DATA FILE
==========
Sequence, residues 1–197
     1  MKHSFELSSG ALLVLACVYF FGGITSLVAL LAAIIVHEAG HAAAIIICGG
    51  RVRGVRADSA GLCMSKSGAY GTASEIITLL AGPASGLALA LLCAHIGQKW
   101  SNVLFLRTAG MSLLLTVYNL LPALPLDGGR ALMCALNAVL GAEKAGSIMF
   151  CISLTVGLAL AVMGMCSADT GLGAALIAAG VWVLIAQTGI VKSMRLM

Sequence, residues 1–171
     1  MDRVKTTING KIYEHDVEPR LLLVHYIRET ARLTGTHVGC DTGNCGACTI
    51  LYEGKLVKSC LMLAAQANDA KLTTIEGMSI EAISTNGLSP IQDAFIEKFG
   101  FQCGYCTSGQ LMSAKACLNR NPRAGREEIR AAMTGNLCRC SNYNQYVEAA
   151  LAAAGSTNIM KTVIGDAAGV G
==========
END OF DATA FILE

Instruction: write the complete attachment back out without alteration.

Sequence, residues 1–197
     1  MKHSFELSSG ALLVLACVYF FGGITSLVAL LAAIIVHEAG HAAAIIICGG
    51  RVRGVRADSA GLCMSKSGAY GTASEIITLL AGPASGLALA LLCAHIGQKW
   101  SNVLFLRTAG MSLLLTVYNL LPALPLDGGR ALMCALNAVL GAEKAGSIMF
   151  CISLTVGLAL AVMGMCSADT GLGAALIAAG VWVLIAQTGI VKSMRLM

Sequence, residues 1–171
     1  MDRVKTTING KIYEHDVEPR LLLVHYIRET ARLTGTHVGC DTGNCGACTI
    51  LYEGKLVKSC LMLAAQANDA KLTTIEGMSI EAISTNGLSP IQDAFIEKFG
   101  FQCGYCTSGQ LMSAKACLNR NPRAGREEIR AAMTGNLCRC SNYNQYVEAA
   151  LAAAGSTNIM KTVIGDAAGV G